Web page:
A Bloomberg poll has revealed that an overwhelming majority of Americans would be willing to spend more money on products if they are manufactured outside of China, with 40% saying they simply will not buy anything made in China at all.
In addition to these findings, 55% said that they do not believe China can be trusted to fulfil its trade-deal commitment to buy more U.S. products, while 66% said they favor raising import restrictions over the pursuit of free-trade deals as a better way to boost the U.S. economy.
The findings come as President Trump announced that he now feels ‘differently’ about the trade deal he signed with China earlier this year.
”I feel differently now about that deal than I did three months ago,” Trump told reporters Tuesday.
”We will see what all happens, but it’s been a very disappointing situation. Very disappointing thing happened with China because the plague flowed in and that wasn’t supposed to happen and it could have been stopped,” Trump added.
”Once the virus came in, once the plague, as I called it, came in, I said how did they let that happen? And how come it didn’t go into other sections of China? Why did they block it from leaving Wuhan? But they didn’t block it from going to the rest of the world, including the United States. Why is that? Beijing doesn’t have it. Other places don’t have it,” he continued.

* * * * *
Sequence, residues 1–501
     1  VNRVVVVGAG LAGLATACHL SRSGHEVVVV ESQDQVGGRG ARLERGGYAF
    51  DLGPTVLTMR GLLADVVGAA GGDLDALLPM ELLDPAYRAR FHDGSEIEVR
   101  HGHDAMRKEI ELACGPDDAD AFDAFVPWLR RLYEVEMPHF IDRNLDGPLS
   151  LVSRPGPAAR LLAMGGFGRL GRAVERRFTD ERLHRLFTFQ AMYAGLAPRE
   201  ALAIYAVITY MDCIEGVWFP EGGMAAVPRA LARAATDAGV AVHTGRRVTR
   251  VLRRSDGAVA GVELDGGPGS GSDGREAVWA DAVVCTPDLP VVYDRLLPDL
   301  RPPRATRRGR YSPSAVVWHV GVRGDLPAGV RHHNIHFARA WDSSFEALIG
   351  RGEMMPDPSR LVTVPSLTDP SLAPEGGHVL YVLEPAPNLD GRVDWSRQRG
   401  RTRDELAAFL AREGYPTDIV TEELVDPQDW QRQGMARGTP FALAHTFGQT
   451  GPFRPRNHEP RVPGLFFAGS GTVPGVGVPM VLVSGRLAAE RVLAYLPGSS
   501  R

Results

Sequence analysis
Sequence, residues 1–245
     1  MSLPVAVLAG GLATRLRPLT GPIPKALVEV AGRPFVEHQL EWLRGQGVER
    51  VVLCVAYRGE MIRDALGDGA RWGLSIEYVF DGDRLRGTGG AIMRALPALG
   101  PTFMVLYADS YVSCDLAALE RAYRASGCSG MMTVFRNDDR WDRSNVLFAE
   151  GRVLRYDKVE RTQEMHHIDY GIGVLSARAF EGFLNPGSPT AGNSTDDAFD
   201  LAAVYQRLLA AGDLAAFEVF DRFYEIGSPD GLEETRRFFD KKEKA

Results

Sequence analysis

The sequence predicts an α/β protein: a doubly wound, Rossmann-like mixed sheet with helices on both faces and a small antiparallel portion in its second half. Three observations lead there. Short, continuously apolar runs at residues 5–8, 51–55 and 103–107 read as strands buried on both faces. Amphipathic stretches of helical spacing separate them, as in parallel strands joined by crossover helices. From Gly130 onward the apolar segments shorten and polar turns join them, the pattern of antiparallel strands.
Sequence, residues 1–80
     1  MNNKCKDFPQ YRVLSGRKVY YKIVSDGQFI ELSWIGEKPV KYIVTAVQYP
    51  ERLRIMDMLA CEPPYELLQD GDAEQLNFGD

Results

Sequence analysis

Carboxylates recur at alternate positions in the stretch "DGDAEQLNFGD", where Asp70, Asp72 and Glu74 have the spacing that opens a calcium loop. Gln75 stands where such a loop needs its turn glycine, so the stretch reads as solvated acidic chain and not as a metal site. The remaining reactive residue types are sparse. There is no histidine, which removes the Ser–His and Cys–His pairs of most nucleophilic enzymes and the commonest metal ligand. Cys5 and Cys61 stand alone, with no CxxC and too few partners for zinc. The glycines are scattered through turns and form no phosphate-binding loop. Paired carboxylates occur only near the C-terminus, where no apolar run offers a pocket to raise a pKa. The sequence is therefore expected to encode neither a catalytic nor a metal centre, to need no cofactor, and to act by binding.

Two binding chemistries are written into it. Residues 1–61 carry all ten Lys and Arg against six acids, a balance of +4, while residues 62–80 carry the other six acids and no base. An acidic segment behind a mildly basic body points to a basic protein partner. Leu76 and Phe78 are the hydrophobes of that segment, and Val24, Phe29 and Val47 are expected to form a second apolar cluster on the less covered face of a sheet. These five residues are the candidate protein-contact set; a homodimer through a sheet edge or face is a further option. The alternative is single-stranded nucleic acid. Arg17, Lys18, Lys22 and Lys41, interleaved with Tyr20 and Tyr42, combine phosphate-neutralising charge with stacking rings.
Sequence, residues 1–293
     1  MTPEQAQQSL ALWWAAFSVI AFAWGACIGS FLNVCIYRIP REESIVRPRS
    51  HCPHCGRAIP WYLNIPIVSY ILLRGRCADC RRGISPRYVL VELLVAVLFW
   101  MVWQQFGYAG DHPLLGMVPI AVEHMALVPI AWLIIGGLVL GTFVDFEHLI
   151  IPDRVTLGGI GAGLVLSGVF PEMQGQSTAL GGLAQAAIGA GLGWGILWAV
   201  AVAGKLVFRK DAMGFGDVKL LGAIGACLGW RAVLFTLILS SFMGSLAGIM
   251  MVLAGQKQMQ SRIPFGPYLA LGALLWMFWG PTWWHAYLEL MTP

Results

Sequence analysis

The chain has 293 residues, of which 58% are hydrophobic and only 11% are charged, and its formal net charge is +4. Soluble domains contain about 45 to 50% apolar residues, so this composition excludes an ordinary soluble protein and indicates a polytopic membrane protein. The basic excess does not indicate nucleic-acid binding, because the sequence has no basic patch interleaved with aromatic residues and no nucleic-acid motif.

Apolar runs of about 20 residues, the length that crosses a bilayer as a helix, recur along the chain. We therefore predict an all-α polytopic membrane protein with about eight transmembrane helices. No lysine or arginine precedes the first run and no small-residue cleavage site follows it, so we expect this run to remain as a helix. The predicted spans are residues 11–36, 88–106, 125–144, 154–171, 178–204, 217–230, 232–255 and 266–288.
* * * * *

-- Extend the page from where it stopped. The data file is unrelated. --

The President touted trade deals that the US has with other countries.
“People don’t realize the amount of business that we do with Canada and with Mexico is monumental. It is the biggest trade deal in the world, bigger than the deal we made with China, most people don’t know and the China deal is kicking in.” Trump said.
As I have said for a long time, dealing with China is a very expensive thing to do. We just made a great Trade Deal, the ink was barely dry, and the World was hit by the Plague from China. 100 Trade Deals wouldn’t make up the difference – and all those innocent lives lost!
— Donald J. Trump (@realDonaldTrump) May 13, 2020
Earlier this month, Trump tweeted that 100 trade deals with China wouldn’t make up for the ‘plague from China’.
After two years of tariff wars and now the scourge of a coronavirus that originated in China, it’s hardly surprising to see some souring of U.S. public opinion about the country’s main economic rival. But the degree of the shift and the timing of it — less than six months before a presidential election — may mark a sea change in the electorate. It could embolden some of China’s harsher critics in Washington, with huge potential consequences for financial markets.